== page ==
Too often we look at happiness as something like a present that is given to us and which can be snatched away at a moment’s notice when we are bad. Unlike previous ages, we now have expectations that we should be happy at work. Nobody expected to be happy during the Feudal times, the Reformation, the Spanish Inquisition, The Crusades, or the Industrial Revolution. Life was mostly about surviving, praying and avoiding brutal masters. Today, however, we have solid expectations that we should be happy as a human right, forgetting that the American Constitution only promised that we should be able to pursue happiness, not necessarily get it!
There is a strong correlation between money and happiness with life. A Gallup survey showed that in the USA 90 percent of people earning the equivalent of $250,000 called themselves very happy while just 42 percent of those earning under $20,000 said the same. How many of you are wondering just how a person can be happy on only $20,000 a year? But money doesn’t make you happy at work because work isn’t where you get to spend it. It is actually away from work where it matters—where not having enough creates an enormous pressure. And of course having it enables you to make greater choices.
But back to the topic at hand – being happy at work. Fortune Magazine identifies research that has identified 5 factors that contribute to happiness at work: A sense that you belong and fit in at work, and even more important, to have a best friend at work; Autonomy or a sense that you have some control over both your work and your time at work; Challenging work that requires you to push yourself to accomplish it, but it is doable; Progress and Growth which allows you to see that you are becoming more skilled and moving toward an achievable goal; and finally, Safety which means that you can go to work without fear of losing your job, being bullied or harassed or humiliated or put in dangerous situations which you have not been equipped to handle. These are very similar to the critical elements outlined in the SCARF model: Status, Certainty, Autonomy, Relatedness and Fairness. See David Rock’s paper on SCARF: a brain-based model for collaborating with and influencing others) at www.your-brain-at-work.com/files/NLJ_SCARFUS.pd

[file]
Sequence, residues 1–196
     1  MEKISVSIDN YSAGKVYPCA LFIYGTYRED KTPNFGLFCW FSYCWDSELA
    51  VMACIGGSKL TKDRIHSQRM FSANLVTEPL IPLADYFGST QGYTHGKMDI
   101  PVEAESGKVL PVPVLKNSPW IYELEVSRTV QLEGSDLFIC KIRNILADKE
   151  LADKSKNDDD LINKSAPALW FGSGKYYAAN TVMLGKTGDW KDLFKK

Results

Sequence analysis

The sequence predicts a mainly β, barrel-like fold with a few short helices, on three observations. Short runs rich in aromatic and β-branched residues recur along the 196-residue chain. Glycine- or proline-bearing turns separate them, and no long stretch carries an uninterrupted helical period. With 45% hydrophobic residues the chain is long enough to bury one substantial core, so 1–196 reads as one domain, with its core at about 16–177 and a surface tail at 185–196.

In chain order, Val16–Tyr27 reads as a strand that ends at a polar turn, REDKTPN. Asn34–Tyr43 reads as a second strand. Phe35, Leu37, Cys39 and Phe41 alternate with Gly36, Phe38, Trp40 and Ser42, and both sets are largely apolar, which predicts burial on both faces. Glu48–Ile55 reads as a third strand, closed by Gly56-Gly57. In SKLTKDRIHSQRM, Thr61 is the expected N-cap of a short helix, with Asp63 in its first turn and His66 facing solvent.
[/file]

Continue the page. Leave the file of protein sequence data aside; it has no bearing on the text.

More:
The important thing to realize about these five factors is that each of us is responsible for seeing that they exist in our jobs rather than believing that it is the responsibility (alone) of the boss or company to provide them. I find it interesting how some people, no matter how many jobs or different places they work, ALWAYS (and I do mean always) find that there are a number of people at work with whom they don’t get along and whom they quite dislike. They also tend to have an unhappy home life currently, and probably had a difficult home life when growing up.
So if you are not happy at your job, here is the first question you need to ask yourself: which comprises the larger number of people at work – those I like or those I dislike? And the follow-up question is, do I see a pattern here?
The second factor to look at, autonomy, is to identify those things at work over which you have some control. If you have no power to use personal discretion in your job (everything you do is governed by specific policies and procedures) and no control over your time, chances are very good that you will be unhappy. That type of job is best suited for robots
The third factor, challenging work, is specific to each individual. What might be challenging for some can be overwhelming for others, nor should it imply that every day you will be hanging off the end of a precipice trying to figure out a way to hang on. Now many people do work at boring, routine jobs because they fill their need for challenge in some sort of off-work activity. These are the folks who work to live, and only truly live and are happy when they are off the job.
Factor four, progress and growth, along with some sort of recognition that these have occurred, are essential. The problem with many jobs today is that after two or three years, most of us have learned how to do the job and we aren’t learning anything new. When was the last time you had to learn a new skill in order to do your job properly? I am bold enough to suggest that after 3 years you have probably outgrown your job.
And finally, safety (and some degree of security). Safety can either be physical or emotional, and I suppose we are among the relatively few in the world who go to work not expecting that some accident is likely to befall us. Psychological safety is an entirely different issue, and it is rare to find workers who have not, at least from time to time, been embarrassed or harassed in some way – if not by their boss, then by their colleagues.
If you want to be happy at work, then, analyse your job in view of the 5 factors above, and determine how it matches up. If you find a factor that is NOT being met, then this is where you need to start. You may be able to alter your job or you may just have to find another job. But in either case, you have taken the first step toward being happy at work – assuming responsibility for your own happiness.
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